The iPhone 13 Pro and iPhone 13 Pro Max are not far off being the best iPhones available at the time of writing, offering better performance than ever before, improved cameras, 120Hz refresh rates and surprisingly good battery life. However, not all iPhone fans need all the features and power that come with it.
Why they're ranked 4th: The iPhone 13 Pro and Pro Max are among the best iPhones and excellent for creative pros. They’re slightly topped by the Samsung Galaxy S22 Ultra, along with the iPhone 14 Pro line, but not by much - though the SE offers better value, which is why that takes 2nd place. With a higher refresh rate than the iPhone 12 range, a new macro mode and a smaller notch, they aren’t the biggest upgrades but they’re undeniably great.
Screen: Whether you choose the 6.1-inch iPhone 13 Pro or 6.7-inch iPhone 13 Pro Max you’re getting a sharp OLED screen with a 120Hz variable refresh rate. The continued presence of the notch is annoying, but it’s slightly smaller this time and easy to ignore, especially once you see the overall quality of the display.
Battery life: Apple has outdone itself with the battery life on the iPhone 13 Pro Max, which is genuinely great, rather than just being great for an iPhone. The iPhone 13 Pro’s isn’t quite as good, but it’s still decent and an upgrade on the iPhone 12 Pro’s life.
Camera: The iPhone 13 Pro range includes the same lens types as the previous year, but with larger pixels and new modes, including an impressive macro mode, and a slightly less significant Cinematic mode. Between all this and their improved low light performance, these cameras are ace.
Why it's ranked 5th: The iPhone 14 doesn't bring many upgrades over the iPhone 13, yet still costs more in some regions, making it harder to recommend than many other iOS or even Android devices. That says it's still one of the more affordable ways to get an Apple iPhone.
Screen: This has a 6.1-inch screen that's nice and small for people with littler hands.
Battery life: Thanks to its smaller screen but well-optimized iOS 16, the iPhone 14 has a fairly long-lasting battery despite it being a small one. You can rely on a day of use between charges, though more might be pushing it.
Camera: The two rear cameras here doesn't give you much versatility, but the dynamic range and AI optimization makes up for that to return fairly good pictures.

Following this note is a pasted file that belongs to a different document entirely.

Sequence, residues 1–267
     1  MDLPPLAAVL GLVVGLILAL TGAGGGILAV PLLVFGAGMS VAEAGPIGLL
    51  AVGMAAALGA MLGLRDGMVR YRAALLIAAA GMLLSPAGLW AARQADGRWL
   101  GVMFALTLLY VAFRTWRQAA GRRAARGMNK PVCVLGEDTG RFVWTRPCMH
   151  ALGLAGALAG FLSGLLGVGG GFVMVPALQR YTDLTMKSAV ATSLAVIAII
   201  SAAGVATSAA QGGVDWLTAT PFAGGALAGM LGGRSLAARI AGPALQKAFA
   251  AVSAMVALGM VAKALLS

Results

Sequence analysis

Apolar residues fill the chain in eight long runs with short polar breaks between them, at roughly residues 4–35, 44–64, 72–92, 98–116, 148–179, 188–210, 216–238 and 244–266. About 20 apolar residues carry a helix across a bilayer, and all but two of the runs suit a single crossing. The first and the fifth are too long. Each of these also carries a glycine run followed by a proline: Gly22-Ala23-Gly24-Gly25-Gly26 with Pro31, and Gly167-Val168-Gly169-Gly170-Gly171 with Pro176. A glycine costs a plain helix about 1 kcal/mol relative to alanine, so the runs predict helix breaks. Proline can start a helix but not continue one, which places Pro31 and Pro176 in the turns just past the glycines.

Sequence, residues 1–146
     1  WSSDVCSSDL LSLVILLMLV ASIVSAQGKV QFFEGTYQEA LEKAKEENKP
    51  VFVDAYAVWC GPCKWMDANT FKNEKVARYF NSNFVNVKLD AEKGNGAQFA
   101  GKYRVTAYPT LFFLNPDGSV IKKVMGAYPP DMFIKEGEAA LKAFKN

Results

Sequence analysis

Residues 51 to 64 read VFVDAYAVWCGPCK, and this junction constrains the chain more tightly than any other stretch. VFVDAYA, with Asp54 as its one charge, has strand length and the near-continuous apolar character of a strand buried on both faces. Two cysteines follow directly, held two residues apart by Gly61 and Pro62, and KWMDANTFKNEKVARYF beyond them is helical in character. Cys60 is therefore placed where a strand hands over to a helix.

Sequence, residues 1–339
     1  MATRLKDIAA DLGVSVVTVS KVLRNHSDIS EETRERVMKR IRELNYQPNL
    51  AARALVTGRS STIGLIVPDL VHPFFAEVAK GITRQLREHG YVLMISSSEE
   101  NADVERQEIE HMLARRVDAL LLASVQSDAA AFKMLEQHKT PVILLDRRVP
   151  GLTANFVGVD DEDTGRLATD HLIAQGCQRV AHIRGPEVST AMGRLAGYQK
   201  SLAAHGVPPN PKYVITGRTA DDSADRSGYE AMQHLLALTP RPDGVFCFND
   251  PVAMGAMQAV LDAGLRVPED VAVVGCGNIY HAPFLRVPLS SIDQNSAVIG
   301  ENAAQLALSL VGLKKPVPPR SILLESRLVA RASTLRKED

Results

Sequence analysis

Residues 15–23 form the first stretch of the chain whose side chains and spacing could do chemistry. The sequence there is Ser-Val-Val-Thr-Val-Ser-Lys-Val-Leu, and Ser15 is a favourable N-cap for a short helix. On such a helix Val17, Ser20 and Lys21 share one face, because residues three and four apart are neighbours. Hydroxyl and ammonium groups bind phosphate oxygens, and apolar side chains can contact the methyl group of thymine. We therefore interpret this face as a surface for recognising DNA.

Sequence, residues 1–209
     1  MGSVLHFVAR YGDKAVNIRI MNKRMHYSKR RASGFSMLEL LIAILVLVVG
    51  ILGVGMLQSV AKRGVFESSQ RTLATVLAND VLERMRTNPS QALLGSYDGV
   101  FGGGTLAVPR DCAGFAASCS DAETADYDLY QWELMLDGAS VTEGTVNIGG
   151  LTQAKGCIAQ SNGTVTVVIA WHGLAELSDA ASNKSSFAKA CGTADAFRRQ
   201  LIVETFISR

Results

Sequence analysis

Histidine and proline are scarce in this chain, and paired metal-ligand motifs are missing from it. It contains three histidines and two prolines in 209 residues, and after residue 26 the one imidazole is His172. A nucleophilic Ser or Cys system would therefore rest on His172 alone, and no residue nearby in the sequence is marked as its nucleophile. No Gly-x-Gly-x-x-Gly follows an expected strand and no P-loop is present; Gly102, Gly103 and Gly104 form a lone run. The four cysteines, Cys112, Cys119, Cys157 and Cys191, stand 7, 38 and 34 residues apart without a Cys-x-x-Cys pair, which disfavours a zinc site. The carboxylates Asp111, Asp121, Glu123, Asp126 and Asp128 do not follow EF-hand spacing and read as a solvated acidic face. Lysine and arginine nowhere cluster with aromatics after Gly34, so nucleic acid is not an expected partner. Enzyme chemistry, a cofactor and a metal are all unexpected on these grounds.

Read more: iPhone 14 review
The Google Pixel 6 and Google Pixel 6 Pro came out in October 2021 to much fanfare over its new Google-designed Tensor chipset, which the company alleged would enable incredible AI software performance. While we were too quick to expect Apple A-series Bionic levels of performance from Tensor – both Pixel 6 and 6 Pro benchmarks are well below iPhone 13 and Samsung S21 levels – the cameras take the most color- and light-balanced photos we've ever seen from a smartphone.
Why they're ranked 4th: The Pixel 6 phones are a real step up from the Pixel 5, but there are still some things that keep it from the top, like middling battery life and a divisive physical redesign. Both phones have their audience, though: the Pixel 6 at its lowest price (which varies between carriers) is cheaper than the iPhone 13 mini and Samsung S21, while the Pixel 6 Pro has premium perks like a periscope telephoto lens, a QHD screen, and an ultrawide selfie camera, all cheaper than the iPhone 13 Pro and Samsung Galaxy S21 Plus. But both phones' 50MP main camera and Google's photo software (with even more neat tricks) can't be beat.
Screen: The Pixel 6 has a 6.4-inch OLED screen with Full HD Plus (2400 x 1080) resolution, with a 90Hz refresh rate for smoother app browsing and gaming. The Pixel 6 Pro bumps that up to 6.7 inches with QHD (3120 x 1440) and 120Hz refresh rate for a sharper picture, but you'd only notice if comparing side by side. Colors are rich on the OLED display, and thanks to the dual front-facing speakers, it makes for a handy streaming device.
Battery life: The Pixel 4's battery woes are gone, but don't expect more than a day's battery life out of either phone. The Pixel 6 packs a 4,614mAh battery, while the Pixel 6 Pro has a 5,000mAh battery, but don't expect too much difference thanks to the larger display. Yes, there are battery-saving settings to eke out more life, and the 30W charger is an improvement over its predecessors, but it's lower than the 65W chargers that work with the OnePlus 9, for instance. Wireless charging maxes out at a respectable 21W, but only with Google's first-party charger.
Camera: The Pixel 6's cameras are its best selling point. The main camera has finally been improved with a 50MP shooter which, combined with Google's photo software, results in incredibly true-to-life photos. The 12MP ultra-wide feels better aligned with the photo capabilities of the main camera (they take similar photos), and if you opt for the Pixel 6 Pro, you'll get a periscope telephoto capable of 4x optical zoom for some truly great distance photos. The Pro also swaps the 8MP selfie camera (with 84-degree field of view) for an 11MP front-facing camera (94-degree field of view) for an ultra-wide effect. The Tensor chipset and AI software have new tricks, like erasing unwanted objects and capturing motion blur around a still subject, along with the best Night Mode we've seen.
The Samsung Galaxy S22 is the best phone for Samsung users who don't need all the pro-level features and frills. It's just the right size for most, delivers fast performance, and offers a smooth Android experience. A nice upgrade from its predecessor, it also boasts a better camera.
Why it’s ranked 5th: This is the best Android phone for most people who aren't invested in the iOS ecosystem. And, it does have a slight edge over the iPhone 13 in terms of display and cameras. However, its Apple rival edges ahead in terms of performance and slightly when it comes to longevity.
Screen: With Samsung's Dynamic AMOLED display, it's hard to beat the screen on the Samsung Galaxy S22, despite the fact that it has a slightly lower resolution than the iPhone 13's. It's better-looking, bright with an adaptive refresh rate of up to 120Hz and no intrusive notch. It also comes with an ultrasonic fingerprint reader.